My wife keeps our house ‘buried in garbage’

The Yomiuri ShimbunDear Troubleshooter:

I’m a male company employee in my 40s. I currently live separately from my family because of my job.

My wife, who is a full-time homemaker, lives in our house with our two primary school-age sons. When I come home on weekends, I have to deal with my wife’s inability to clean our house.

When I open the front door, there’s so much trash scattered around that it’s hard for me to find a place to walk.

In the kitchen, there are piles of dirty tableware and kitchenware that need to be washed. Vegetable waste and other things that should be in the garbage can are strewn on the floor.

In a word, our house is buried in garbage.

I once asked her to keep our house cleaner. However, she didn’t listen, saying instead, “If you notice it, why don’t you clean it up?” In the end, I started cleaning our house and doing the dishes myself.

When I stopped doing it because I thought helping her too much wasn’t good, she did the dishes but cried all the while. I asked her why she was crying, and she said angrily, “Because you don’t help me.”

She also leaves the house while heating a kettle with no water in it or heating miso soup. I’m worried that this is very dangerous. I told her she may be sick, but she didn’t take me seriously.

E, Ibaraki Prefecture

Dear Mr. E:

You said she keeps your house messy and heats a kettle with no water in it. Does this only happen when you’re at home? She can manage to do the dishes even though she cries, so she apparently can do household chores. She also prepares meals every day, doesn’t she?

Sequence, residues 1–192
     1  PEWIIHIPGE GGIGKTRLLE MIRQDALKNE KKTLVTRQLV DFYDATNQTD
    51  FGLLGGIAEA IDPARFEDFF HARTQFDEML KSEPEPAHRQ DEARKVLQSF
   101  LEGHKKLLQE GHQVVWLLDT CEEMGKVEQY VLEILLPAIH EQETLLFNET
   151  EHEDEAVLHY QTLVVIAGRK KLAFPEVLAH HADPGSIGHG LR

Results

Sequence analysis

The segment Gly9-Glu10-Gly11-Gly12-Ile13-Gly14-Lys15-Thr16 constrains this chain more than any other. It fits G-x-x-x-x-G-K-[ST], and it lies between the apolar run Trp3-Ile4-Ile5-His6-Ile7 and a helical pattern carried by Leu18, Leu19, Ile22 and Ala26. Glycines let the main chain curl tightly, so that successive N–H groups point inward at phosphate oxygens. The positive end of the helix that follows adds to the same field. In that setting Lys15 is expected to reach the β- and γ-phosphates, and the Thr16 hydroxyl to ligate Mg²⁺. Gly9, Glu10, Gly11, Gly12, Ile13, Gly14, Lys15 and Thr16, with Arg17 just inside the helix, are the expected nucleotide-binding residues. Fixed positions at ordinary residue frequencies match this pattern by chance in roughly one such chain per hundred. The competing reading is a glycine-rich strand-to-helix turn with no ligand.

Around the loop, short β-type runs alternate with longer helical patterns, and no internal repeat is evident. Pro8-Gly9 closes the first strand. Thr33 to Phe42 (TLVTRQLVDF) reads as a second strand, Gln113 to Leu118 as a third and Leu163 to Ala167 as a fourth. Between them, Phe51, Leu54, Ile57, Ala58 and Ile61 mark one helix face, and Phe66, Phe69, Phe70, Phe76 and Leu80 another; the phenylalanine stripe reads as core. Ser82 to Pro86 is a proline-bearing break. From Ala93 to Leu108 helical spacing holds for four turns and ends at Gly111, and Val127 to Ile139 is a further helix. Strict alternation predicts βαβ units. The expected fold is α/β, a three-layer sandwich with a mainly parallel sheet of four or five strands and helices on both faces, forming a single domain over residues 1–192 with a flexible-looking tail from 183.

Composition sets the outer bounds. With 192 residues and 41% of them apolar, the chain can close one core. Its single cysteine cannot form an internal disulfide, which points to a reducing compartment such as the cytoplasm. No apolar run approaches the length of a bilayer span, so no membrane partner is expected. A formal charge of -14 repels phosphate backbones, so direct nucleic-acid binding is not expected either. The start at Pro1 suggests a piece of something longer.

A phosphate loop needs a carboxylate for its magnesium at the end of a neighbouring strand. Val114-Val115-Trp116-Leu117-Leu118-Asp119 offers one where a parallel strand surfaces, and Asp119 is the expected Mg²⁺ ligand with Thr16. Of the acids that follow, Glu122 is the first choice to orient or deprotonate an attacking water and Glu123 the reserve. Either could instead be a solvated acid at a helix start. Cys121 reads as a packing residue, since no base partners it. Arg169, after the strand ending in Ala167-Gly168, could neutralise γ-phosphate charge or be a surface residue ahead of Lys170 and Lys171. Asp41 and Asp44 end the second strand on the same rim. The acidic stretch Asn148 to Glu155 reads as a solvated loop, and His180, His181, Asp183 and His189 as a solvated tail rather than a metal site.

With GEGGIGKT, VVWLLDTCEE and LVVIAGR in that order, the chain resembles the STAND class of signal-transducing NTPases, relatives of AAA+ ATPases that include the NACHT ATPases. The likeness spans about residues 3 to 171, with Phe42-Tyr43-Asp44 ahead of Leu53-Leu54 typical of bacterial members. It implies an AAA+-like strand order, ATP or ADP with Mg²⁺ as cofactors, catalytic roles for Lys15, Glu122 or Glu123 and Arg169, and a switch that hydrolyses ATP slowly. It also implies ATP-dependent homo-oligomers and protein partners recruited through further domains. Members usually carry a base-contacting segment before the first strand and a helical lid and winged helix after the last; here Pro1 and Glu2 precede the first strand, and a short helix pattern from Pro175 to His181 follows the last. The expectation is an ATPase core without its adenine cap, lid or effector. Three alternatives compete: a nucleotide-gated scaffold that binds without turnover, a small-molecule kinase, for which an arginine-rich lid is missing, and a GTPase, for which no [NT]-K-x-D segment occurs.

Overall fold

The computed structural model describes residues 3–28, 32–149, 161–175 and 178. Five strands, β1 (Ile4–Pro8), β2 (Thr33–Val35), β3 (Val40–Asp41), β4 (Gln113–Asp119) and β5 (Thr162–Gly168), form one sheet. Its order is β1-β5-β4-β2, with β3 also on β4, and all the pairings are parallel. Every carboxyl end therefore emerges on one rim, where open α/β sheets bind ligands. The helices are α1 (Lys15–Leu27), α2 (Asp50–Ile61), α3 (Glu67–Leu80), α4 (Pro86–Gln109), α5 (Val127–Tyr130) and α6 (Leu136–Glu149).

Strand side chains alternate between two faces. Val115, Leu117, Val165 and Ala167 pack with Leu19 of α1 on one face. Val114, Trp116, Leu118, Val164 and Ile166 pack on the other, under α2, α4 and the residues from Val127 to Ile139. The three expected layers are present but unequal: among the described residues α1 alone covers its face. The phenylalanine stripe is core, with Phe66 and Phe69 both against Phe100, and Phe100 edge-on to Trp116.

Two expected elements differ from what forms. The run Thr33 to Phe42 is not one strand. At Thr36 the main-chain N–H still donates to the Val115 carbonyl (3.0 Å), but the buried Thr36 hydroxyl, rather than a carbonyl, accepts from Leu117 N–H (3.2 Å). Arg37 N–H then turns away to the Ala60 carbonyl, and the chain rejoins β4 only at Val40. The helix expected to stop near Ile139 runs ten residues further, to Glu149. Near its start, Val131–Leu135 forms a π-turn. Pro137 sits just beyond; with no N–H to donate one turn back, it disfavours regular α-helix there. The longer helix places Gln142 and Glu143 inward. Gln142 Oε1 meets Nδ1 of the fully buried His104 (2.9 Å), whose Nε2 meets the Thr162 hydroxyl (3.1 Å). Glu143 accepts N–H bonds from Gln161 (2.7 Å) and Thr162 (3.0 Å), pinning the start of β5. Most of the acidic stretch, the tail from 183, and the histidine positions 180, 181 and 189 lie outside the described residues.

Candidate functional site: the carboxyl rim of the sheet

I think she’s acting this way because, either consciously or unconsciously, she feels you don’t care about her. It’s possible she’s doing this to attract your attention. And it worked, didn’t it?

If this is true, it’s no use to try to persuade her to improve her behavior. The best solution is for you to discontinue your life away from home. Can you ask your employer to transfer you back or let you work from your home?

Your concern that she’s sick is certainly justified. If she won’t listen to your opinion, I suggest you two — not just her — go for counseling together. I think she’ll more willingly accept your opinion then.

From now on, make efforts to listen to your wife carefully and go out with your family for fun on holidays. If you communicate with your wife more often, I believe her behavior will start to change.

Masahiro Yamada, professor

(from Jan. 28, 2016, issue)Speech

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